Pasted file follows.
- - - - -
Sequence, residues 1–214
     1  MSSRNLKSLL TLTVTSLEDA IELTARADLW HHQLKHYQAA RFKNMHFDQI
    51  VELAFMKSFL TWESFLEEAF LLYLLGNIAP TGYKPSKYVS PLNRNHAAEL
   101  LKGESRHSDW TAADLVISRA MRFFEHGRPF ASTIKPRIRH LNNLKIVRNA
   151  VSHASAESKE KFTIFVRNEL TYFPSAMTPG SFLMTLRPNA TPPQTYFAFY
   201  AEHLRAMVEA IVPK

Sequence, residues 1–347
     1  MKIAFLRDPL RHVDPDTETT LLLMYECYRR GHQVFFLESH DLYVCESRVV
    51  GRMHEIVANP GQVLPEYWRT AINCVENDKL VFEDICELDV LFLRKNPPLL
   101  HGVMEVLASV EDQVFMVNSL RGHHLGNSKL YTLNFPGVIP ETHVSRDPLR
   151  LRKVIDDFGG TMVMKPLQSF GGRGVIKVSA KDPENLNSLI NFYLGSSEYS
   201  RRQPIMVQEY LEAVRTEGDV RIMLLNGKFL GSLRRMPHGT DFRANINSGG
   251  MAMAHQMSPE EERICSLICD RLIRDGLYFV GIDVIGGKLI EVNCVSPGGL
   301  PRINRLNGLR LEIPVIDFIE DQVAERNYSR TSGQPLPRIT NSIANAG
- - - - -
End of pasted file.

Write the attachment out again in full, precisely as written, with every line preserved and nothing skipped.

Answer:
Sequence, residues 1–214
     1  MSSRNLKSLL TLTVTSLEDA IELTARADLW HHQLKHYQAA RFKNMHFDQI
    51  VELAFMKSFL TWESFLEEAF LLYLLGNIAP TGYKPSKYVS PLNRNHAAEL
   101  LKGESRHSDW TAADLVISRA MRFFEHGRPF ASTIKPRIRH LNNLKIVRNA
   151  VSHASAESKE KFTIFVRNEL TYFPSAMTPG SFLMTLRPNA TPPQTYFAFY
   201  AEHLRAMVEA IVPK

Sequence, residues 1–347
     1  MKIAFLRDPL RHVDPDTETT LLLMYECYRR GHQVFFLESH DLYVCESRVV
    51  GRMHEIVANP GQVLPEYWRT AINCVENDKL VFEDICELDV LFLRKNPPLL
   101  HGVMEVLASV EDQVFMVNSL RGHHLGNSKL YTLNFPGVIP ETHVSRDPLR
   151  LRKVIDDFGG TMVMKPLQSF GGRGVIKVSA KDPENLNSLI NFYLGSSEYS
   201  RRQPIMVQEY LEAVRTEGDV RIMLLNGKFL GSLRRMPHGT DFRANINSGG
   251  MAMAHQMSPE EERICSLICD RLIRDGLYFV GIDVIGGKLI EVNCVSPGGL
   301  PRINRLNGLR LEIPVIDFIE DQVAERNYSR TSGQPLPRIT NSIANAG